Brachial artery repair using the basilic vein as a reliable conduit in a 3-year-old child

Hyunyoung G. Kim, Manisha B. Bhatia, Samantha A. Moore, John W. Fitzwater, Dixon Santana

Research output: Contribution to journalArticlepeer-review


A supracondylar fracture of the humerus is the most common upper extremity fracture in children with concurrent neurovascular complications. However, bypass grafting in the management of a pediatric open elbow dislocation with an arterial injury has rarely been reported in the literature. Hence, an adequate conduit for a vessel graft interposition remains questionable when a primary anastomosis is limited in an arterial reconstruction. The purpose of this study is to present a brachial artery reconstruction in a 3-year-old patient with an open supracondylar fracture of the humerus. In the clinical and surgical examination of the patient, an open wound in the left antecubital fossa presented with accompanying brachial artery injury. To repair the artery, a reverse end-to-end anastomosis was conducted using basilic vein graft from the ipsilateral arm under general anesthesia. The patient had palpable radial pulses in the postoperative clinical examination and was discharged without complications. The great saphenous vein (GSV) has proven to be the most common and the best conduit for arterial reconstruction of the upper extremity in the adult patients. However, the GSV graft is known to have the propensity for becoming aneurysmal in pediatric patients. Some studies have demonstrated the basilic vein as a suitable conduit in pediatric patients, in that it has durable patency, fewer branches, size compatibility for anastomosis, and proximity to the brachial artery. Our case confirms the safety of using this autogenous vein from within the zone of injury for arterial reconstruction, after a supracondylar humeral fracture. The management of pediatric elbow fractures accompanying vascular injuries can be technically demanding due to relatively small, delicate structures and concurrent neurovascular network. Nonetheless, a vascular injury should be treated with high level of suspicion and immediate intervention to avoid any limb ischemia or loss. In situations where the brachial artery is compromised and needs repair with a bypass, the basilic vein should be considered as a conduit for its greater accessibility and long-term patency.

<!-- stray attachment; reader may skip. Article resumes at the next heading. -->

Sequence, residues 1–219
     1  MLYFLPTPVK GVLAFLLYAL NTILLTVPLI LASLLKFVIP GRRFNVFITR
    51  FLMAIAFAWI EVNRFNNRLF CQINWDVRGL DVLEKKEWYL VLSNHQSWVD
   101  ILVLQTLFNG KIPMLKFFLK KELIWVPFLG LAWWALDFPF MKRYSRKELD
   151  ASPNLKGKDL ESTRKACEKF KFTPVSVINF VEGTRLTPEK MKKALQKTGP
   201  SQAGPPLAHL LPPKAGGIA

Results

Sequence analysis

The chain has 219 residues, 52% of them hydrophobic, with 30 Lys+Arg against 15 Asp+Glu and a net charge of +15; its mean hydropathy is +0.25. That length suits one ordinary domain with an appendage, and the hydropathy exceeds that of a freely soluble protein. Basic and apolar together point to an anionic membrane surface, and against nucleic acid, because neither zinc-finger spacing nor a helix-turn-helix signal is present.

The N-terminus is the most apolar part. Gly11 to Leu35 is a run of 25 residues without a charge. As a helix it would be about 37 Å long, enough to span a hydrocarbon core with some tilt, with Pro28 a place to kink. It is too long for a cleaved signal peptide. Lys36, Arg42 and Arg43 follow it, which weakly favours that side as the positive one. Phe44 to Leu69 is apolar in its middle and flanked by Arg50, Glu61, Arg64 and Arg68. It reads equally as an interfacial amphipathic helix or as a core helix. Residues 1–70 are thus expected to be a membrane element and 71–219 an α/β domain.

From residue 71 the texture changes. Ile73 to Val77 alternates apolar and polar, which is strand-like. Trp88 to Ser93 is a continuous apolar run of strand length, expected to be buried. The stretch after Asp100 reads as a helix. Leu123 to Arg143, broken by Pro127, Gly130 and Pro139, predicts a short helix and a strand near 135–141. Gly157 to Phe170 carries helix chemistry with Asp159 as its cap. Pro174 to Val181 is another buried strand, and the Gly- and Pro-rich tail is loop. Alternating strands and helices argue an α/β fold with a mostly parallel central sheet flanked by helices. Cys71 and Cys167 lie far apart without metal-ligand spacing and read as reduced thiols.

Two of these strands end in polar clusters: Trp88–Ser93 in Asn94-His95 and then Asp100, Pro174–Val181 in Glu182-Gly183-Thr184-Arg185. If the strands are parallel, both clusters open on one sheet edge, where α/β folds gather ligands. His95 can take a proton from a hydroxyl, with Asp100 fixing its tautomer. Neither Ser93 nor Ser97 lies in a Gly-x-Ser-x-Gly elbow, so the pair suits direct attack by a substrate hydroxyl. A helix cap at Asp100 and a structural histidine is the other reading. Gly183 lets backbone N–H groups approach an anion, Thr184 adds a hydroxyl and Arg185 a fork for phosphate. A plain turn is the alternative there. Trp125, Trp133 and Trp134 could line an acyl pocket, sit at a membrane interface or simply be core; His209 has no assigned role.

Original languageEnglish (US)
Pages (from-to)16-18
Number of pages3
JournalJournal of Pediatric Surgery Case Reports
StatePublished - Apr 1 2017
Externally publishedYes


  • Artery repair
  • Basilic vein graft
  • Brachial artery
  • Pediatric vascular injury

ASJC Scopus subject areas

  • Pediatrics, Perinatology, and Child Health
  • Surgery


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